Once the hide is shaved, they enter into the tanning drum. This is where the base color of the hide is applied. The hides along with the dye and other chemicals are added to the drum. The drums spin at a slow steady rate for sometimes hours. Tanning drums can hold any amount of hides from 2 to 100, the ones in this photo were some of the larger at this facility.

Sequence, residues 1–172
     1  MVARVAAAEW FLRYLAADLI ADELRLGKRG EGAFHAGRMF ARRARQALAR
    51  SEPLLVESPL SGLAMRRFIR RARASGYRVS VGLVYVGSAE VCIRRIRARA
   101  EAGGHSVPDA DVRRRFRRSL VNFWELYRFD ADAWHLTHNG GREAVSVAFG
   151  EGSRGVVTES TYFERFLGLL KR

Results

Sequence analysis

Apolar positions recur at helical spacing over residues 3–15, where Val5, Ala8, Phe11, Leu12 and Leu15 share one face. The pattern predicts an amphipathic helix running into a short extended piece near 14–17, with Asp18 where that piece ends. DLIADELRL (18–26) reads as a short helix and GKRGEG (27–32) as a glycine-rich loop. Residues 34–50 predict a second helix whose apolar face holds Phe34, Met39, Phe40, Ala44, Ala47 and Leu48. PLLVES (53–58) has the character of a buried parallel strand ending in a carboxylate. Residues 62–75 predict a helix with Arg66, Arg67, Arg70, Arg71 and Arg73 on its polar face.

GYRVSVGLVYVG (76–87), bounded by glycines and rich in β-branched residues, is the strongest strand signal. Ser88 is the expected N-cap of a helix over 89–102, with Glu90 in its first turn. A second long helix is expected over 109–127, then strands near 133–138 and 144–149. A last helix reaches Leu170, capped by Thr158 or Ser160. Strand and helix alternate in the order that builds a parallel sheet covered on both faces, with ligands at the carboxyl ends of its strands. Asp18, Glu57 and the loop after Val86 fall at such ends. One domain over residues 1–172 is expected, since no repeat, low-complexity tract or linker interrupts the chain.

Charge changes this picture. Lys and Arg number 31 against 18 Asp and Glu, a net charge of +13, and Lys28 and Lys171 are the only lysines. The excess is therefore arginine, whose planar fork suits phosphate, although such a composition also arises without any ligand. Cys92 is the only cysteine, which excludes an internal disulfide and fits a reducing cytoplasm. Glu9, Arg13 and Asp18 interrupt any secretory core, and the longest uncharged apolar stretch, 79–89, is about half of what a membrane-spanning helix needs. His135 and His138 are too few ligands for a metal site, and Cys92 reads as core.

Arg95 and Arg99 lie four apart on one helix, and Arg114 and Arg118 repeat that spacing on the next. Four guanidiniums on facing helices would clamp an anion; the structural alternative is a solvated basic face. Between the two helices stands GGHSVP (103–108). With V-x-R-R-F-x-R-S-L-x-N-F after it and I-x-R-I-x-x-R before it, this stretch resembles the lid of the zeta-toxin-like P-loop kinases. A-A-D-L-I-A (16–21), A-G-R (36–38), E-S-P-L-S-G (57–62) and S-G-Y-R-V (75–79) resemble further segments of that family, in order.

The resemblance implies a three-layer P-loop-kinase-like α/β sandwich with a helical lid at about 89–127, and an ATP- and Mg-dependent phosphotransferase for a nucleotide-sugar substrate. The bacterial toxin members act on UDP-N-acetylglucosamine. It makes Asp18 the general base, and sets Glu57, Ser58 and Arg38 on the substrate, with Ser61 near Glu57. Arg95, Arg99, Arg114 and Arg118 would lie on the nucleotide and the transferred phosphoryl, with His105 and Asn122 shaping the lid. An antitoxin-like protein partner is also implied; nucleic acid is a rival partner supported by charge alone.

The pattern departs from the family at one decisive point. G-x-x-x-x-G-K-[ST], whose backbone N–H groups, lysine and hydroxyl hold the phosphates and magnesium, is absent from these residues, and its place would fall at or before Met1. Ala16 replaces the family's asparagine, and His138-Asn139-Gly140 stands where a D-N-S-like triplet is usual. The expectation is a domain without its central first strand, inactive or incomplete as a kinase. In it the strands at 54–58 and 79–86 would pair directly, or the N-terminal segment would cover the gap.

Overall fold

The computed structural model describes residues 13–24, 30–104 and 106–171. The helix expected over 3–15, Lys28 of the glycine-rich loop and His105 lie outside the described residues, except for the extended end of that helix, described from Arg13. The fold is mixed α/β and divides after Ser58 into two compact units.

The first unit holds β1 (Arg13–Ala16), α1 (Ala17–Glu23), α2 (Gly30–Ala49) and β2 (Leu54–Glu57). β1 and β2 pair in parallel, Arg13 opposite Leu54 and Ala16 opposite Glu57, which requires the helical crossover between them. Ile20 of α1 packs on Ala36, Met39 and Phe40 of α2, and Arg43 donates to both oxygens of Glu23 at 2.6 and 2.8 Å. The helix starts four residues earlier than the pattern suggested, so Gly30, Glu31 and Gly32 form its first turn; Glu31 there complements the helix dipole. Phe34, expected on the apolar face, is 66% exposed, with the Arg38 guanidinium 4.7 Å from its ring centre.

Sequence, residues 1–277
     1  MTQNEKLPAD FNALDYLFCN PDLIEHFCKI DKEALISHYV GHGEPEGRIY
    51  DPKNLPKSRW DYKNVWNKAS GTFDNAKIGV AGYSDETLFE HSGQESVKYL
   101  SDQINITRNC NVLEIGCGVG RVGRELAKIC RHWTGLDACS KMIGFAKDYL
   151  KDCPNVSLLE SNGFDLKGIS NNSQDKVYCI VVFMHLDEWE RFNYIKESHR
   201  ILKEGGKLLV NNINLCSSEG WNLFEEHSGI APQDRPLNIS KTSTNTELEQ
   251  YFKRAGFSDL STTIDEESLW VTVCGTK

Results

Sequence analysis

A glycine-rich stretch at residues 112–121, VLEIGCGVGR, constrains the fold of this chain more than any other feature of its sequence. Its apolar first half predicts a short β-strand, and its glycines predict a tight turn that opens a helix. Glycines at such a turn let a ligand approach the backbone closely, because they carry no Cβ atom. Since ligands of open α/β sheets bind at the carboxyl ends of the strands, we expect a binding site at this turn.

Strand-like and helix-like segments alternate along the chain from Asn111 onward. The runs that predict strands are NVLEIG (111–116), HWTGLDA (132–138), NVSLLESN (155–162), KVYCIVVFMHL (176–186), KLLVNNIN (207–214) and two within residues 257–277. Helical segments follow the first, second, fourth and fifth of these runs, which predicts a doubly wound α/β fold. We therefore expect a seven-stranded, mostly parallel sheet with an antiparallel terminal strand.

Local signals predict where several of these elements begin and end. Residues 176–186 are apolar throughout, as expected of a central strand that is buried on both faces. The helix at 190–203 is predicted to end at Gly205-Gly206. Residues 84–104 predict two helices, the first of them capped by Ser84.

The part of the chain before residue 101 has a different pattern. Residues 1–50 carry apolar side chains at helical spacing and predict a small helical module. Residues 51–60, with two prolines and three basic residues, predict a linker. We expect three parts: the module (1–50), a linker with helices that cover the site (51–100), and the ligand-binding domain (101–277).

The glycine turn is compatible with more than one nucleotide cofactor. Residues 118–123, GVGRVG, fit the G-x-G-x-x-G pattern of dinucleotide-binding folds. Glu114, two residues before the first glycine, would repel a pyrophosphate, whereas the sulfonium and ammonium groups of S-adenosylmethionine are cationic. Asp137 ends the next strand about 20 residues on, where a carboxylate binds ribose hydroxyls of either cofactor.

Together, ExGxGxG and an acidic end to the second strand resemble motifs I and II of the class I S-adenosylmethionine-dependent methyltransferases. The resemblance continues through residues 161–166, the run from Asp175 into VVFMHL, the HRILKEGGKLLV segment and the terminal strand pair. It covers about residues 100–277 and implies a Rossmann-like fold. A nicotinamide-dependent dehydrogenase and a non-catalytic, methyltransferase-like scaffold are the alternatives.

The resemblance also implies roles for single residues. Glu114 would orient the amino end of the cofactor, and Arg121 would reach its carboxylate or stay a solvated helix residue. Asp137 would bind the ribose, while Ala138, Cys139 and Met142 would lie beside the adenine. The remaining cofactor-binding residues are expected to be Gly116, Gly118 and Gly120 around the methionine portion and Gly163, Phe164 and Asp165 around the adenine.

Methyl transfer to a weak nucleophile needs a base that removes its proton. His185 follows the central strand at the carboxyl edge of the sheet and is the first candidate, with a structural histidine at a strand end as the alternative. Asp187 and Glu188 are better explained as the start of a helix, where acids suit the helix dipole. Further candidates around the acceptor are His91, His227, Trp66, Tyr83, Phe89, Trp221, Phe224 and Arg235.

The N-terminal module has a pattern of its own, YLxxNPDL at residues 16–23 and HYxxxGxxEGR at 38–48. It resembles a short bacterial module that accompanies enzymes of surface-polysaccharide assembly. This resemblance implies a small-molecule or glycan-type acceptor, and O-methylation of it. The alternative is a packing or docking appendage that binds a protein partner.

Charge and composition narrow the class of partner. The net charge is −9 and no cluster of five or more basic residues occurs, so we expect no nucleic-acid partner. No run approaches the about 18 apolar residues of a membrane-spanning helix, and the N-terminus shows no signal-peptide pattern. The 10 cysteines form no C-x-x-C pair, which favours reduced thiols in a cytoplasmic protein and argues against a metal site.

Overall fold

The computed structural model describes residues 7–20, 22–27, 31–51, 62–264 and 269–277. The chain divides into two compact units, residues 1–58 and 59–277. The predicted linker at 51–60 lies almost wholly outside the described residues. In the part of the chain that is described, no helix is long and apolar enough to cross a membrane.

The use of tanning drums goes back hundreds of years. Even as metal and plastic manufacturing has improved over the years, wooden drums are still the most widely used. This part of the process uses a fair amount of chemicals and the wood can withstand strong alkaline solutions and chemicals. They are also cheaper when modifications or repairs are needed as opposed to their stainless steel or plastic counterparts.